The 3rd is on a bigger scale than its siblings, in four not three movements. In depth, colour and scale it reminds me of the Britten Piano Concerto, but Williamson is always a distinctive personality and this is one of his masterpieces. The slow movement, typically, starts from a tiny germ of a thematic scrap which builds little by little to a towering climax of superb power. The 3rd has been recorded before (notably by the composer on Lyrita, also available on CD) but this version will win it many new friends. The 1st and 2nd have also been recorded before, but these Hyperion versions kick the alternatives into touch.

As for the performances: suffice it to say that Piers Lane is on ebullient, virtuoso top form throughout. Occasionally he drives the music a little hard, but the vitality is immense. His fellow pianist Howard Shelley conducts the excellent Tasmanian players with precision and clarity, and the recording (although quite close) is outstandingly clear, even in the dark, orchestral miasmas of the 4th Concerto.

Shelley joins Lane in the more unsmiling, abstract Concerto for Two Pianos, and the set is completed by an excellent reading of the early Sinfonia Concertante, a richly coloured orchestral tapestry where the piano weaves its magic continually, without ever quite 'taking charge' in the manner of the concertos.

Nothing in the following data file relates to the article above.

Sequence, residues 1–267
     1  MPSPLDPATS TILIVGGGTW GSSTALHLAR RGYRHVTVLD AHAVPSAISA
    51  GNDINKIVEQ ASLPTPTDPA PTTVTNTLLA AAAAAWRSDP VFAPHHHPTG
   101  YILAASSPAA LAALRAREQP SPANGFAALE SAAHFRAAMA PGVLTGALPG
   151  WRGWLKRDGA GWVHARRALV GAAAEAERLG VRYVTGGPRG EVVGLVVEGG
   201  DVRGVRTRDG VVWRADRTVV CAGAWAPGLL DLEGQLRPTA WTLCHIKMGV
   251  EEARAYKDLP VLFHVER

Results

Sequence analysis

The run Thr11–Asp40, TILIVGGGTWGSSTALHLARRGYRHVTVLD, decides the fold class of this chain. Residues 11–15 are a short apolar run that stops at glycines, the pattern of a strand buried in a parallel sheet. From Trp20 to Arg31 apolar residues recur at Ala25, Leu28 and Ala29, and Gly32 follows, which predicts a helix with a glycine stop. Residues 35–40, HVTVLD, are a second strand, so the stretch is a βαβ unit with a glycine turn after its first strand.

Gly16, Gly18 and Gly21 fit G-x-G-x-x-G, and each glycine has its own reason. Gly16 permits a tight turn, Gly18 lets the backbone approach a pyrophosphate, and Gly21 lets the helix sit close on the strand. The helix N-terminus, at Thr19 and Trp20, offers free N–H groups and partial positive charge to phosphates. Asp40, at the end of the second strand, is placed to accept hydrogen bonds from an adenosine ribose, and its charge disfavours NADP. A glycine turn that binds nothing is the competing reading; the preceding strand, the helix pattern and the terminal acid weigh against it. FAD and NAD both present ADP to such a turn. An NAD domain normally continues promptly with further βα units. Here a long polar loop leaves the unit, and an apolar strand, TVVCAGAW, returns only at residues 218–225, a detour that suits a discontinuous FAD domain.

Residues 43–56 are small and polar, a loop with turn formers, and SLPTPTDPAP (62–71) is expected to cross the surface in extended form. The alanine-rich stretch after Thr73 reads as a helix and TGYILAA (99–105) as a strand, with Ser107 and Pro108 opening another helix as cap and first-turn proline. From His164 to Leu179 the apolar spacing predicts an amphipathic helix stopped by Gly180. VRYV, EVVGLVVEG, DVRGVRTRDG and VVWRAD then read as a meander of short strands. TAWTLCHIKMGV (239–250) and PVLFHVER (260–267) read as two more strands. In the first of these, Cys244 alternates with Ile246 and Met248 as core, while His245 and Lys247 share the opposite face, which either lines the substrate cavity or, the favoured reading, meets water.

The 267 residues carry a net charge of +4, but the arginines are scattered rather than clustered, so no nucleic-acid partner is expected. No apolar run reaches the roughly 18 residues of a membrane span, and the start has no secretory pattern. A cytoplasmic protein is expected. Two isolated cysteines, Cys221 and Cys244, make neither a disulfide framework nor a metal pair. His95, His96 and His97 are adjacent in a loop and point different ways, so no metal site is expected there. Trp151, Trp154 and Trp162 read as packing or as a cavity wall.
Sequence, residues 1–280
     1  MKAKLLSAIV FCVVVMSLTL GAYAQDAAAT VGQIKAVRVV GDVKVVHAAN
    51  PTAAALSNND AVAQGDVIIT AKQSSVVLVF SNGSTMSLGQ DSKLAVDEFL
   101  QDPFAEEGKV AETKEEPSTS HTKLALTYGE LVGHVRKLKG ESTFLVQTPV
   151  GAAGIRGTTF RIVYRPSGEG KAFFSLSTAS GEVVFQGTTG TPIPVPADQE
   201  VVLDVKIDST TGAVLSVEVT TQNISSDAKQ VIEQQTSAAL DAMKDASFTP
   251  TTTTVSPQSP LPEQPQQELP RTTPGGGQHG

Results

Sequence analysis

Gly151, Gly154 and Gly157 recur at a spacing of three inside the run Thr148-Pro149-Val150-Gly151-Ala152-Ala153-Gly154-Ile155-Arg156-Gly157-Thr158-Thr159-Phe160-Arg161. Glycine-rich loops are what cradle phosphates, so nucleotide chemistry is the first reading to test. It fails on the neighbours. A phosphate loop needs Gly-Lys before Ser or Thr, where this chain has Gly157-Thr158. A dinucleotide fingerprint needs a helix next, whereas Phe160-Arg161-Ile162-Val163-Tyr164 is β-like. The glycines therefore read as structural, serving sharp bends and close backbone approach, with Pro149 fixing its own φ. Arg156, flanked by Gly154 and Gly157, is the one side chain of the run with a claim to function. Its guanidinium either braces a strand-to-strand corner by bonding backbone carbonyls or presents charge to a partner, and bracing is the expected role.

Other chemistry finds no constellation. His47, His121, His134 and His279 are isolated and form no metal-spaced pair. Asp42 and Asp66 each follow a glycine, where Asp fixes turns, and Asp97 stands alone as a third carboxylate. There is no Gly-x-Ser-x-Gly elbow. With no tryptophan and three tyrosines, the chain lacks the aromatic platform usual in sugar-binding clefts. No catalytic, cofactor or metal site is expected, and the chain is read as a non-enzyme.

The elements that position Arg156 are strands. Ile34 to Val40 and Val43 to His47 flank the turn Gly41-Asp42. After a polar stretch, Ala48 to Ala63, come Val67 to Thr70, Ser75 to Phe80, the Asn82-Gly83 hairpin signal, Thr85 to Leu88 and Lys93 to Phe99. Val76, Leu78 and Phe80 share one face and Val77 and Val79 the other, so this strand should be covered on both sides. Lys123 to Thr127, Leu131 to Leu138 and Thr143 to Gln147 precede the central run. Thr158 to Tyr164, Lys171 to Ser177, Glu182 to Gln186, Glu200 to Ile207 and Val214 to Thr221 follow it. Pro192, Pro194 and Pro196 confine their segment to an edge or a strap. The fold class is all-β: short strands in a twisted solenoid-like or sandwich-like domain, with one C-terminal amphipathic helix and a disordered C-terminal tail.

Enough said. For me, this is a wondrous, life-enhancing discovery. This music has immense 'chutzpah', and is outrageously full of melodies that you won't be able to get out of your head, whether you want to or not. Excellent performances and recording only enhance the value of an outstanding set. Bravo Hyperion – and bravo Malcolm Williamson!
Comment Comments (4) | Permalink | Most recent comment: Mar 10, 2014 4:54 PM GMT

British Light Music: Percy Whitlock
British Light Music: Percy Whitlock
Price: £16.95

1 of 1 people found the following review helpful
5.0 out of 5 stars Excellent music, but please beware Amazon's CD-R copies, 22 Nov 2013
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The music of Percy Whitlock is bold, sunny, vigorous and charming by turns and the RTE Concert Orchestra put it across very well. As far as that goes, I have little to add to the other, positive reviews of this disc.

What I do have to add is a warning: beware ordering this CD direct from Amazon, as you may not get what you think you are paying for. What I received, after a couple of days delay, was a CD-R copy of the original Marco Polo disc. This copy had been run off in Germany by an affiliate company called CreateSpace, and the quality was poor.

There were no liner notes at all. Those had been replaced by adverts for other, popular Naxos issues - and when a composer is as little-known as Whitlock, you need the notes to give the music a context.

There were no track timings either, and the bare-bones track listings contained spelling typos.

I have heard about these shoddy Amazon/Naxos CD-R products, but never previously experienced one in all its horror. I sent it back immediately, and ordered a "pukka" Marco Polo release from a reputable Marketplace seller. Amazon really should stop doing this sort of thing, as it does their reputation (and that of the admirable Naxos company) nothing but harm. I am still angry about the time I wasted on sending the thing back.

The Banishment [DVD]
The Banishment [DVD]
Dvd ~ Konstantin Lavronenko
Offered by The World Cinema Store
Price: £6.99

1 of 1 people found the following review helpful
5.0 out of 5 stars Silence is not Golden, 16 Sep 2013
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This review is from: The Banishment [DVD] (DVD)